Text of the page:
Vt.: No Motel Key For Homeless
Montpelier — Faced with soaring costs and concerns that the program is being abused, the state wants to shut the door on the practice of housing homeless individuals in motels.
Motels are the department’s fallback option when people without financial resources need temporary housing and shelters are full. The change would be considerable — nearly half the hotel vouchers the Department for Children and Families gives out go to single individuals, according to DCF Commissioner Dave Yacavone.
In 2009, the department expanded its eligibility requirements to allow individuals to access hotels or motels through what’s called the Temporary Assistance Program. Prior to that, only families and individuals in “catastrophic” situations like floods or fires could get hotel vouchers.
The total number of individuals and families in the Temporary Assistance program has soared from just over 1,000 in 2009 to nearly 2,000 in 2012. The cost of the program has skyrocketed in accordance, increasing 78 percent from $1.3 million in fiscal year 2010 to $2.4 million in fiscal year 2012. It has continued to climb during fiscal year 2013 and is expected to hit $3.5 million, an amount that is well over a doubling of the cost of the program since 2010.
Now, the department’s budget proposal for the next fiscal year calls for dismantling the hotel voucher program for individuals. Families in need of emergency housing could still access the program, however.
“We believe we should dial back that change,” Yacavone told the House Appropriations Committee on Feb. 6. The department expects to save $500,000 by not providing hotel vouchers to individuals in need.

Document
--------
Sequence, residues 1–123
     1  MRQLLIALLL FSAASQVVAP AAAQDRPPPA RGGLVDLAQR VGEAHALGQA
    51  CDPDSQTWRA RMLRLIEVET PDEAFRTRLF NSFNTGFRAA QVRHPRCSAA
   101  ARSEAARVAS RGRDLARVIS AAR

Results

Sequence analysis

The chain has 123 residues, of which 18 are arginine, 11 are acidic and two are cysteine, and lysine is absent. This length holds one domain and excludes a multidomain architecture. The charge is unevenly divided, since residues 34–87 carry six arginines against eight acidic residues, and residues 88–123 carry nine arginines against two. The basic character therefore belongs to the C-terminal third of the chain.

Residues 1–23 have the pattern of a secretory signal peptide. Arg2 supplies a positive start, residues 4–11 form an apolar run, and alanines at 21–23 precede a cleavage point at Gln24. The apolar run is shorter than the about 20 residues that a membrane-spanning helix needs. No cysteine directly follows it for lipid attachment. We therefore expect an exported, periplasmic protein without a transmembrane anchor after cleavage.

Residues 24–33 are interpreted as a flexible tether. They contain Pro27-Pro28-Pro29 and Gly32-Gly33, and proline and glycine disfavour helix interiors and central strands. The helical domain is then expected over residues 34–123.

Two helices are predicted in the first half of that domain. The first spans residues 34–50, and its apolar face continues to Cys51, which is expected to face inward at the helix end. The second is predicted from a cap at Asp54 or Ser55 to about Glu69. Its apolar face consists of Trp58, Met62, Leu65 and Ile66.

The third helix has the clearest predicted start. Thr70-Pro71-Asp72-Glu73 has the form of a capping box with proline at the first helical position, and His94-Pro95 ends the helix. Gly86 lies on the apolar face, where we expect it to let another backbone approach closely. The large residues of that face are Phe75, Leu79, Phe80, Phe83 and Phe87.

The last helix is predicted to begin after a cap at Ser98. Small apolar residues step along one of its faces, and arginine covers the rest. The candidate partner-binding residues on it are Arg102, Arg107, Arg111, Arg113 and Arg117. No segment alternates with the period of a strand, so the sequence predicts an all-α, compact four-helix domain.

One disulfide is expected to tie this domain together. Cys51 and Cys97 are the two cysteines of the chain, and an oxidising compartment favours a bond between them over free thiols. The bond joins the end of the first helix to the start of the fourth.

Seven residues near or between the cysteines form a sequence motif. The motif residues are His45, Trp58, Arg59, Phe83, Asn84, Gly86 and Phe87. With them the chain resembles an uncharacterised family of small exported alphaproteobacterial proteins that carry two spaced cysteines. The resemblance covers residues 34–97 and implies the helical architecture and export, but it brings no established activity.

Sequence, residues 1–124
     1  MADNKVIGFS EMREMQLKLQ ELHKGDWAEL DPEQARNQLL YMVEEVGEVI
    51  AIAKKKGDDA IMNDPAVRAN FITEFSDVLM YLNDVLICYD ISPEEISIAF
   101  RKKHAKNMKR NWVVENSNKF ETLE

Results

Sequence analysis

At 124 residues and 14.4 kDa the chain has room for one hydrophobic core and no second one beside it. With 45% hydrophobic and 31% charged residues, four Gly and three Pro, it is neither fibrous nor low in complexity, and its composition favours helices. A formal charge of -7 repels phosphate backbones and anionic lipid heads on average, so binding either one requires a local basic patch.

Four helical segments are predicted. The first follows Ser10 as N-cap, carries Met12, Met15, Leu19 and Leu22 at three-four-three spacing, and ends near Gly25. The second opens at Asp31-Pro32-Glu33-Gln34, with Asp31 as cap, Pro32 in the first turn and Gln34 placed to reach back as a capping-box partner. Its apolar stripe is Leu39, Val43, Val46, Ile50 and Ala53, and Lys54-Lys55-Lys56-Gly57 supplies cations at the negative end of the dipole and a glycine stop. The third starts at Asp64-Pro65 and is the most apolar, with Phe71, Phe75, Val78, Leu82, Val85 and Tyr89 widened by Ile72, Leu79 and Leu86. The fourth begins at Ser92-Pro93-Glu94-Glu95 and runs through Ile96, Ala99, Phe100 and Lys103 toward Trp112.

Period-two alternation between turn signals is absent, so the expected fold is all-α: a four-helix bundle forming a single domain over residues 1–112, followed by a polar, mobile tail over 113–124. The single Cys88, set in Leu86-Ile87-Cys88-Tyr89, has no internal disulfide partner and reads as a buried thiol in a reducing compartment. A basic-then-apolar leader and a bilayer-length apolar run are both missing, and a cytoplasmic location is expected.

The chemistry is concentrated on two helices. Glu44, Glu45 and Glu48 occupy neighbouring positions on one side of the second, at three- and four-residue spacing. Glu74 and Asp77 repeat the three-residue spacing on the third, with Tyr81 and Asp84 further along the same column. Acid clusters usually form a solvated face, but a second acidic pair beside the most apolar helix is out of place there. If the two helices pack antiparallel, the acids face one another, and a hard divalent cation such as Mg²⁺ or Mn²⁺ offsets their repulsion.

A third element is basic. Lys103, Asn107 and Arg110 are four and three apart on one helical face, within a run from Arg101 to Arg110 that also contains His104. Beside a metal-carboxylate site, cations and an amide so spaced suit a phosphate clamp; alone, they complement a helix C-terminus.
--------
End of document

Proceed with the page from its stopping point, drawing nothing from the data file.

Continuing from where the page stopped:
“Vulnerable” people and people facing “catastrophes” would be exempt. The definitions of both terms still need to be ironed out, but the former would include people with disabilities and victims of domestic abuse, according to Yacavone.
The hotel policy hasn’t been a popular one. Department officials and affordable housing and shelter directors agree it’s done little to prevent homelessness, while contributing significantly to ballooning program costs. Yacavone said there is plenty of evidence that the system is being abused — rather than knocking on the doors of relatives or staying in a shelter, individuals are securing hotel rooms. But he said he couldn’t assess how widespread the abuse is and whether or not it is more common among single individuals as opposed to families.
Still, shelter directors have reservations about DCF’s plans. Rita Markley, executive director of the Burlington-based Committee on Temporary Shelter (COTS), a nonprofit that shelters and provides other assistance to the homeless, said it doesn’t make sense to disqualify individuals across the board.
“The idea of eliminating emergency assistance based solely on a demographic, rather than looking at how to tighten and control the use of the resource more carefully, troubles me,” she said.
Yacavone said his department won’t turn people down until there are other options in place. DCF plans to provide more community housing grants to expand shelters and rental subsidies, though they haven’t decided how much additional money to put into this initiative.
The department has determined that it will spend $400,000 to $450,000 in fiscal year 2014 to help displaced people secure spots in affordable housing units in Burlington, Brattleboro and Rutland. The idea is, if the state arranges a contract with landlords ahead of time and promises to pay for missed rent checks or property damage, the landlord will be more inclined to take on people in the Temporary Assistance Program as tenants.